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Flashcards in CVS PVS Deck (37)
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1

When inspecting, palpating and some of the auscultation of the precordium, what position should the patient be in?

Supine with 30 degree elevation at the head.

2

Area over the heart and lower chest

Precordium

3

PMI

Point of Maximal Impulse

4

Where is the PMI?

4th and 5th intercostal space near the midclavicular line.

5

When palpating the precordium, what would you methodologically be doing?

Use fingerpads first followed by the ball of the hand.

6

Important areas to palpate

1. Aortic (2nd intercostal space on R)
2. Pulmonic (2nd intercostal space on L)
3. 3rd, 4th, 5th intercostal spaces along the left sternal border (Tricuspid Valve area)
4. Mitral Valve/Apical Area (More towards midclavicular on L)

7

When palpating the extremities, you notice lymphadenopathy near the elbow. Tell me the name of these lymph nodes and where they are in relation to the general "elbow." And what might this indicate?

Epitrochlear Lymph Nodes;
Located superior to the medial epicondyle.
Skin infection, Lymphoma, other skin malignancy

8

What vessels drain into the epitrochlear lymph nodes?

Ulnar, Forearm, Hand

9

Lymph nodes near those V-cuts cuz I'm so swole/built. (Near the groin)

Inguinal Lymph Nodes

10

How do you auscultate the carotid arteries?

Have patient hold breath and auscultate over each carotid artery in the neck using the diaphragm of your steth.

11

When palpating peripheral pulses, what is important to note about the carotid pulse?

YOU NEVER PALPATE BOTH AT THE SAME TIME

12

What are the 7 peripheral pulses to palpate for?

1. Carotid
2. Radial
3. Brachial
4. Femoral
5. Popliteal
6. Dorsalis pedis
7. Posterior Tibial

13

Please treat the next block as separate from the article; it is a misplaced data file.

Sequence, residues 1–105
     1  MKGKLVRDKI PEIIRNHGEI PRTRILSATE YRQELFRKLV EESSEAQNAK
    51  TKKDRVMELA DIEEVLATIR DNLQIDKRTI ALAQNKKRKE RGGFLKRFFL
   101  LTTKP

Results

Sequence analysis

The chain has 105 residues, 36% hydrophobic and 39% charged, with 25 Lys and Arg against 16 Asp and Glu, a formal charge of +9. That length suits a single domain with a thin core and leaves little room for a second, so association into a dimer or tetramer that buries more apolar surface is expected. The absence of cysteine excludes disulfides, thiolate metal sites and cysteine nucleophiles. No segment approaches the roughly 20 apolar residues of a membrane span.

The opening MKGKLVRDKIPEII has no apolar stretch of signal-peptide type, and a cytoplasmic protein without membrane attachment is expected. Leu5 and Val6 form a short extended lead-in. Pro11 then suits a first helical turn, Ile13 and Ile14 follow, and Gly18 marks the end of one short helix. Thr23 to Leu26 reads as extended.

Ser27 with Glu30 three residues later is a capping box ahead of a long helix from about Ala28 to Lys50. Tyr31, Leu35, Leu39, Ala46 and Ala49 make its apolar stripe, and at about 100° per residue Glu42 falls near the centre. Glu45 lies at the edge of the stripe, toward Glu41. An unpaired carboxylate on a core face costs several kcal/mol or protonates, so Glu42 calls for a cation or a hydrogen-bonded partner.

When auscultating the precordium, what is important to know about your steth?

USE DIAPHRAGM, SHEESH!

14

Exceptions to the diaphragm usage in auscultating...of course there are exceptions..."Hhhii"

Use Bell for:
1. Tricuspid Area
2. Mitral Area

(Only after auscultating with Diaphragm, though)

15

This is the sound heard when the mitral and tricuspid valves close. What stage of the Cardiac Cycle are we in?

S1
Systole
"Lub"

16

It occurs just after atrial contraction and immediately before the systolic S1 and is caused by the atria contracting forcefully in an effort to overcome an abnormally stiff or hypertrophic ventricle.

S4 (Very Rare)

17

It occurs at the beginning of diastole after S2 and is lower in pitch than S1 or S2 as it is not of valvular origin. The third heart sound is benign in youth, some trained athletes, and sometimes in pregnancy but if it re-emerges later in life it may signal cardiac problems (Heart Failure. Beta Blocker anyone?).

S3

18

This is the sound heard when the aortic and pulmonic valves are closed. What stage of the Cardiac Cycle are we in?

S2
Diastole
"Dub"

19

Vibratory sensation cause by the heart felt on the body surface.

Thrill

20

After completing the first part of auscultation (with patient in a certain position), what do you do?

Ask patient to sit up and auscultate again while patient holds his breath.

21

Assessing the patency of the ulnar and radial blood supply. What is the name of this test?

Allen Test

22

Suspected Right Heart Failure would cause us to look for??

Jugular Venous Pressure

23

How to perform the Allen Test?

1. Have the patient make a fist
2. Compress both the ulnar and radial arteries with your thumbs and fingers
3. Ask the patient to open the hand (note that the palm is pale)
4. Release the pressure that you are holding over the ulnar artery.
If the ulnar artery is patent, the palm flushes within 3-5 minutes.

***You may also assess the patency of the radial artery by releasing the pressure on the radial artery rather than the ulnar artery.

24

Measurement of Jugular Vein greater than ______ cm above the sternal angle is considered elevated JVP.

3-4 cm

25

How to measure JVP?

1. Identify the right internal jugular vein
2. Identify the highest point of pulsation in the right IJ vein.
3. Extend a long rectangular object or card horizontally from this point to a centimeter ruler held vertically from the sternal angle making a 90° angle.

The distance measured in cm above the sternal angle is the JVP. A measurement greater than 3-4cm above the sternal angle is considered elevated.

26

Anterior chest pain is often described

Ripping or Tearing

27

Factors that contribute to Arterial Pressure

1. SV
2. PR
3. Blood volume
4. Aorta/Large artery distensibility

28

Which chamber of the heart takes up the majority of the space of the anterior cardiac surface?

Right Ventricle

29

Any clinical symptom caused by myocardial ischemia

Acute Coronary Syndrome

30

Where is dependent edema located?

Lower extremities